Study released today.
May 7, 2013
New Orleans, LA -- Induction and augmentation of labor with the hormone oxytocin may not be as safe for full-term newborns as previously believed, according to research presented today at the Annual Clinical Meeting of The American College of Obstetricians and Gynecologists. Researchers say this is the first study of its kind to present data on the adverse effects of Pitocin use on newborns.
Given intravenously, Pitocin (a brand of oxytocin), is often used to start labor when a pregnant woman is overdue. It is also used to keep a lagging labor going by increasing the frequency, duration, and intensity of uterine contractions.
Primary Investigator Michael S. Tsimis, MD, and fellow researchers at Beth Israel Medical Center in New York City, conducted a retrospective analysis of deliveries that were induced or augmented with oxytocin. The study included more than 3,000 women delivering full-term infants from 2009 to 2011. The researchers used the Adverse Outcome Index, one of several tools used to measure unexpected outcomes in the perinatal setting and to track obstetric illness and death rates.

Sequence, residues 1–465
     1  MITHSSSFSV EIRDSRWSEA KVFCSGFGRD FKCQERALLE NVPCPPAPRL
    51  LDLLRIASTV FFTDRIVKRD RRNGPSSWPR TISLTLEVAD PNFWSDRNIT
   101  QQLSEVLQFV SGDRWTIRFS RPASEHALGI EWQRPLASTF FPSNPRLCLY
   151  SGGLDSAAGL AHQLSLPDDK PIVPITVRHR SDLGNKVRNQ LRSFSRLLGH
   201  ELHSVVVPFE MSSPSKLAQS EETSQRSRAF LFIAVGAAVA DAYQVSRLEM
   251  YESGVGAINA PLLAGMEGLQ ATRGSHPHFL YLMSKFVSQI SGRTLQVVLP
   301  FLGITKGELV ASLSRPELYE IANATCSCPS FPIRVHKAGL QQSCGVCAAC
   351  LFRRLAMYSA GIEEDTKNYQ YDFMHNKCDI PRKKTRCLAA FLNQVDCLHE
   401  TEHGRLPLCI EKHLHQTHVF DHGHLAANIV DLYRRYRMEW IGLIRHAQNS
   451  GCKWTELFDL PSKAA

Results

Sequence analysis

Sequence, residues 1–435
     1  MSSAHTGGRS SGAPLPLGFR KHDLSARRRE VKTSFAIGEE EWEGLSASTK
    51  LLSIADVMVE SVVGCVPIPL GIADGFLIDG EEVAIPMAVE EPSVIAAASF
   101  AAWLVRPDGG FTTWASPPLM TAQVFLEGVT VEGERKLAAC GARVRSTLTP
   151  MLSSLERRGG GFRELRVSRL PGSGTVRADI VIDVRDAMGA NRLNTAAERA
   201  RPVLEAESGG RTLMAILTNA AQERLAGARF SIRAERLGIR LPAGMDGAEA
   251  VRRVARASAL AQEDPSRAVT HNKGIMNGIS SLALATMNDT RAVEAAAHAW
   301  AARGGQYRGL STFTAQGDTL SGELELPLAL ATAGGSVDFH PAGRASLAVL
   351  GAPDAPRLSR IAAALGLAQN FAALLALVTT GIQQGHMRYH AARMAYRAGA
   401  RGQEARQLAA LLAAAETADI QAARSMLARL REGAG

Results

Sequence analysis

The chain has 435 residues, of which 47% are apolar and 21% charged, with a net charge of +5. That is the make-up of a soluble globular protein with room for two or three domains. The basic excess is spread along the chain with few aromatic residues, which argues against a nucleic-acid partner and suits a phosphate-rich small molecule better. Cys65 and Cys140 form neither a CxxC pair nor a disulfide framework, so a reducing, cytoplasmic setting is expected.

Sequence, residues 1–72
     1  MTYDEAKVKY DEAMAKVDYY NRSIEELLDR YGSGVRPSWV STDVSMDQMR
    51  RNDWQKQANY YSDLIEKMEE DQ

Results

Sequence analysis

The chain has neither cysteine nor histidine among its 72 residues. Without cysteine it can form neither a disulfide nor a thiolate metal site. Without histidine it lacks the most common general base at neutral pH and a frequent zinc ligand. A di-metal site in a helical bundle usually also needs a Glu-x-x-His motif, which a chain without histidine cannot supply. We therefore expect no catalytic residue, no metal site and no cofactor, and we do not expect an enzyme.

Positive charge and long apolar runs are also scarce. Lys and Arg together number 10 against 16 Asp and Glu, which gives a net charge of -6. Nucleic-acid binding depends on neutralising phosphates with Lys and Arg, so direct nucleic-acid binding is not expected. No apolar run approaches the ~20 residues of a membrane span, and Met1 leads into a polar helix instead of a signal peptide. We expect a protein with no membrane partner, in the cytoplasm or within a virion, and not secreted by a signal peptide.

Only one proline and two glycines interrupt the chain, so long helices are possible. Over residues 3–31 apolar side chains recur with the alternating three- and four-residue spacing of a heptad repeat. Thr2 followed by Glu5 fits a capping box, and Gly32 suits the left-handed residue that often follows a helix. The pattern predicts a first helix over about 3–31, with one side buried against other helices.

?As a community of practitioners, we know the adverse effects of Pitocin from the maternal side,? Dr. Tsimis said, ?but much less so from the neonatal side. These results suggest that Pitocin use is associated with adverse effects on neonatal outcomes. It underscores the importance of using valid medical indications when Pitocin is used.?
Researchers found that induction and augmentation of labor with oxytocin was an independent risk factor for unexpected admission to the NICU lasting more than 24 hours for full-term infants. Augmentation also correlated with Apgar scores of fewer than seven at five minutes. The Apgar is a test that evaluates a newborn?s physical condition at one and five minutes after birth based on appearance (skin coloration), pulse (heart rate), grimace response (medically known as ?reflex irritability?), activity and muscle tone, and respiration (breathing rate and effort). A baby who scores eight and above is generally considered to be in good health.
The analysis suggests that oxytocin use may not be as safe as once thought and that proper indications for its use should be documented for further study. ?However, we don?t want to discourage the use of Pitocin, but simply want a more systematic and conscientious approach to the indications for its use,? Dr. Tsimis said.
They could do a better job of explaining the extent of adverse effects in this release, but that will probably come in later articles. Honestly, this news isn't too surprising. It's a strong drug. What does surprise me is this, "Researchers say this is the first study of its kind to present data on the adverse effects of Pitocin use on newborns." That's comforting. So one of the most common medications in a delivery room hasn't been thoroughly studied on how it affects the babies it's supposed to be helping.
(No need for anyone to trip over themselves with the "correlation does not imply causation" adage either.)